What is EPA certification and why is that important when heating with a wood burning stove?

Emission and efficiency criteria meant to decrease pollution and keep energy prices in check must be met for a wood-burning stove to be EPA Certified. Cleaner and more efficient burning sessions, lower heating costs, and less pollutants emitted into the air are all a result of EPA-certified wood stoves that burn more fully, deliver better heat production, and produce less creosote deposits.

In order to ensure that EPA-certified wood stoves meet severe emission and efficiency criteria, they undergo extensive testing. Your heating bills will go down and the quality of the air we breathe will be protected with an EPA Certified wood burner.

What is zone heating and why would zone heating with my wood burning stove be beneficial?

Your wood-burning stove can be used as an alternative heating source in conjunction with your central heating furnace in order to heat the rooms in your home where you and your family spend the most time. For those who spend most of their time in one or two rooms around the house, zone heating suggests that there is no need to heat the rest of the house, as most rooms are not even being used.

You’re squandering energy and money by keeping the temperature in the areas you use the most at the same level as the rest of the house. When you zone heat with your wood stove, you may reduce the temperature in the rest of your house without sacrificing comfort because you only use your furnace when you need it. Wood burning stove zone heating can save your annual heating bills by at least 30%.

Why is good draft important when heating my home with a wood burning stove?

With wood-burning stoves, a steady flow of air is critical. The faster your wood stove heats up, the more oxygen it draws in, and the less smoke it lets into your home, the better your draft will be.

How should I dispose of the ash from my wood stove?

Make sure to dispose of the hot coals in a metal container outside and away from any combustible surfaces, since they can linger for up to three days.

What is a catalytic combustor and what does that mean on a wood stove?

You can reduce your wood stove’s emissions by installing a catalytic combustor in the flue pipe, which will re-burn all smoke before it enters the chimney. This will reduce the amount of firewood needed while yet producing cleaner emissions into the atmosphere. There is scientific evidence that catalytic combustors can boost the heat output of wood stoves, as well.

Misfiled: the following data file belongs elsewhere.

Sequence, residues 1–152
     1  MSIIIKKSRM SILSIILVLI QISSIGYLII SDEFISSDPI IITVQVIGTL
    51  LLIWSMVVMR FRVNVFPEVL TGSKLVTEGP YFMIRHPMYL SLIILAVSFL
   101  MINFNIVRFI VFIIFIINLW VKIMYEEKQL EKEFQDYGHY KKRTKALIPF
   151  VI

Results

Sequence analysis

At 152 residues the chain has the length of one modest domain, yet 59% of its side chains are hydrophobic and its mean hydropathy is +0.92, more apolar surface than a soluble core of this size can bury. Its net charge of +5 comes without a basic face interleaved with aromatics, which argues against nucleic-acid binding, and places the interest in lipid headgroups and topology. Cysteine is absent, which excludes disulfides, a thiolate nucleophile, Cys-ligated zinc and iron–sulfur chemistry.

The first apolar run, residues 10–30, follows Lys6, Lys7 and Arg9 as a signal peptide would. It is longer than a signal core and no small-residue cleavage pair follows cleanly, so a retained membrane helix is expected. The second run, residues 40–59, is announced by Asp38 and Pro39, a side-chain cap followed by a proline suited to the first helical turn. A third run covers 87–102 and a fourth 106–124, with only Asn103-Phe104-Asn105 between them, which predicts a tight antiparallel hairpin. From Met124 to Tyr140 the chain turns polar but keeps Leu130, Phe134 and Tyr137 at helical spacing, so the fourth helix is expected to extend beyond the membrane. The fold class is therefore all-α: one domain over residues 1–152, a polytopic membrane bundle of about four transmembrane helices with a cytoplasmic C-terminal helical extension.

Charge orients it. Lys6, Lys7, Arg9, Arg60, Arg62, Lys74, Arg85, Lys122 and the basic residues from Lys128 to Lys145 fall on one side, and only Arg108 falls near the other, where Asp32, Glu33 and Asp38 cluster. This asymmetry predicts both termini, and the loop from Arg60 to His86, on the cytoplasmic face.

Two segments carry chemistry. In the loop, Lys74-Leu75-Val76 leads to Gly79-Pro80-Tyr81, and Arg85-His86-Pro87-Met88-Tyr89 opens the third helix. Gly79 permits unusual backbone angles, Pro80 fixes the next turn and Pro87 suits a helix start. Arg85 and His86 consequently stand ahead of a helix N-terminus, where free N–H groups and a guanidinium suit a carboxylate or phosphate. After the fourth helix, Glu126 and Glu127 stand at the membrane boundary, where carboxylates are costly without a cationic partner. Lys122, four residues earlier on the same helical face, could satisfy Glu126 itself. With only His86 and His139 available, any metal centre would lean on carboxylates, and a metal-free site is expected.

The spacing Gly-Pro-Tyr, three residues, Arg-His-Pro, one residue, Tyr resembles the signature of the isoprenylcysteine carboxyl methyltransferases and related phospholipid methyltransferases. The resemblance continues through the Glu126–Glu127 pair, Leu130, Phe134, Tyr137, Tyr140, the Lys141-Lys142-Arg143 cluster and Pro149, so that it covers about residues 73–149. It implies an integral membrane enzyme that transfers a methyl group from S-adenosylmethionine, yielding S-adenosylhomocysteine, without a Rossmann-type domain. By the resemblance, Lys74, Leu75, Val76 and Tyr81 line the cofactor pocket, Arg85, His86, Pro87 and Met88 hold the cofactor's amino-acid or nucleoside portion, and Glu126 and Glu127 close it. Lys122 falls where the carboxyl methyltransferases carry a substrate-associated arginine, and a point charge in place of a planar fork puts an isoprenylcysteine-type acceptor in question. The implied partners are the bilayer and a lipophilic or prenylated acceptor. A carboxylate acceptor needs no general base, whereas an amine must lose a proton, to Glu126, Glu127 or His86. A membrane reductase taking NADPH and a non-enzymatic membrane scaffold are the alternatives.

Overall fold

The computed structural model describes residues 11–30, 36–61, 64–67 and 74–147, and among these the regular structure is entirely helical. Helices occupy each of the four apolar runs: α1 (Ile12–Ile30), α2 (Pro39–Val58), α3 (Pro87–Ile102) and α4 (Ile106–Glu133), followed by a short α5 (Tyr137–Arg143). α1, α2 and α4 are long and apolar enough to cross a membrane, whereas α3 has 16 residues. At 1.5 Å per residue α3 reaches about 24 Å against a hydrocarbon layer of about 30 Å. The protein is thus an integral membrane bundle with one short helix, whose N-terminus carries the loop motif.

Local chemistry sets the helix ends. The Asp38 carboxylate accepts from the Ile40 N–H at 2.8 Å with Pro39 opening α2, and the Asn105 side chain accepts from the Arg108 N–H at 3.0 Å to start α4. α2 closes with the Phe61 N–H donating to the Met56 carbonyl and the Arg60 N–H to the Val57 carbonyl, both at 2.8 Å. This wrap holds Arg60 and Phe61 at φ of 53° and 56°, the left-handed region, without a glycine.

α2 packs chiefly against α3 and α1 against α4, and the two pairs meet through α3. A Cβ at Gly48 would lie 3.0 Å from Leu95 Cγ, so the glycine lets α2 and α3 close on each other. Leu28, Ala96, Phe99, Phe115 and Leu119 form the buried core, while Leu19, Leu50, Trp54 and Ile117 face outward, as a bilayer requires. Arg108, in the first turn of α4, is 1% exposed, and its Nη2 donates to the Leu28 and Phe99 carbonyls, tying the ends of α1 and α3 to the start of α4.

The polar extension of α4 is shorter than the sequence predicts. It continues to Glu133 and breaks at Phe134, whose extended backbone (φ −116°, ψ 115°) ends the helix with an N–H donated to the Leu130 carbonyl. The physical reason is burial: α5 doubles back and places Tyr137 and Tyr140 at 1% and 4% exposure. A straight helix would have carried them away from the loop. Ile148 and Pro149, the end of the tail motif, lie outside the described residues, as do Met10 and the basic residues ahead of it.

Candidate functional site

What is a non catalytic wood stove?

“secondary combustion” is what distinguishes the new stoves from the previous types when it comes to efficiency and cleanliness. Wood stoves that are not catalytic now have a second area of combustion at the stove’s top where fresh air is taken in and gases are burned off the smoke before it exits down the vent. This increases the regular combustion process in these wood stoves. The secondary combustion fire can be seen near the air inlets in the secondary combustion zone in some stoves.

What is a break-in fire and why should I light one in my new wood burning stove?

Slowly driving out moisture and preventing cracked and damaged equipment are the primary goals of break-in fires that use low heat and little fuel. Before burning a large fire in a new wood stove, it’s a good idea to light 2-3 break-in fires in the stove. The start of the wood burning season or any other time your wood stove has not been used for some time should also be preceded by the lighting of a break-in fire. You can start a fire in your wood stove by following these instructions.

  1. When burning wood, place a bed made of crumpled paper in the bottom of the appliance (never use high gloss paper).
  2. Add a crisscross pattern of kindling to the paper. The principal air supply to the firebox should not be obstructed. Make sure there is enough room for air to circulate by stacking the kindling loosely.
  3. A newspaper torch can be made. Place the flame of the paper torch near the flue outlet to heat the chimney and provide a good draft.
  4. Open a door or a window if there isn’t one already to let some fresh air in.
  5. Turn on the air.
  6. Under the kindling, light a newspaper bed.
  7. Close the door of the wood stove just a little bit. This is how the fire gets its oxygen.
  8. Close and lock the wood stove door once the kindling has started a blaze.
  9. If the stove is brand new or hasn’t been used in a while, do this step a couple more times.

Why should I install a blower on my wood stove?